Baseball 2020: Owls look for improvement over last season
Last year marked a brave new step into an uncharted world for the Rice baseball team. After 27 years, 23 NCAA Tournament appearances and one national championship all under the steady stewardship of Wayne Graham, Rice opted to part ways with the only coach they’d ever achieved success under. But 2018, Graham’s final season, was a far cry from the sustained success that characterized his tenure as Rice’s head coach. The Owls struggled to a 26-31-2 finish, missing the NCAA Tournament for the first time since 1994.
Enter head coach Matt Bragga. Fresh off a 52-10 season piloting the controls at Tennessee Tech University, Bragga arrived at Rice with experience, exuberance and confidence that the Owls were going to turn things around.
So, how did Rice do in 2019? Well, the Owls struggled to a 26-33 record, missing the NCAA Tournament for the second time in two years. Rather than getting better, one could argue that Rice got even worse.
The Owls’ shakiness in 2019 was evident right out of the gates. Though Rice took two out of three games in its season-opening series against the University of Rhode Island, the Owls’ offense was already starting to exhibit the inconsistency that would plague them throughout the season, scoring only one run in the first game and 15 two days later. Their defense was also skittish, committing seven errors.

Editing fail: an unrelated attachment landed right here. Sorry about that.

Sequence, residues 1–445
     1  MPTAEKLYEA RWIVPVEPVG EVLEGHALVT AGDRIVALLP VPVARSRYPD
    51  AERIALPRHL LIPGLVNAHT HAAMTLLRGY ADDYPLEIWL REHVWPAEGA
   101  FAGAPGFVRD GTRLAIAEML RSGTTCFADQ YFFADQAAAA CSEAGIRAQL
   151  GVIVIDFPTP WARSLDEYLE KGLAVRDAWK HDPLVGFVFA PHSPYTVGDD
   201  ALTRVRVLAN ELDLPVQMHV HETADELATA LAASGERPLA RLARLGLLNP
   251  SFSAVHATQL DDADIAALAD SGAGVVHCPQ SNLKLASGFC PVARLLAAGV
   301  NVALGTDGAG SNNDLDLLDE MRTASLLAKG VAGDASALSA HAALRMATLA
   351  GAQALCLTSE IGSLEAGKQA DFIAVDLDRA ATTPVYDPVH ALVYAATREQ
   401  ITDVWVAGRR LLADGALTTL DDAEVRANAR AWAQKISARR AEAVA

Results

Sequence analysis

According to senior third baseman Braden Comeaux, the team never really got on track last season.
“We never really meshed together as a team,” Comeaux said. “We never really had that moment where we were all clicking on all cylinders and doing everything right at the right time.”
Though Rice’s pitching had strong moments, it continually struggled to close out the end of games. The Owls lost nine games after leading in the eighth inning or later, including all three games of their series against Marshall University to close the regular season.
According to senior second baseman Cade Edwards, Rice must improve in late-game situations to make a leap this season.
“We were ahead in a lot of games late in the game that we ended up losing,” Edwards said. “And that’ll change a whole season from success to failure. That’s probably, looking back, the toughest thing we didn’t do right last year which we’re hoping to correct this year.”
Rice’s lineup depth was another major issue. The top of the order was strong, with five starters hitting over .290: Edwards, Comeaux, current junior shortstop Trei Cruz, current senior outfielder Bradley Gneiting and then-senior designated hitter Andrew Dunlap. However, the rest of Rice’s batters posted a dismal .209 combined batting average, failing to provide the offensive spark necessary to support the top of the lineup. But Bragga said one of the Owls’ major weaknesses last year could become an asset this season.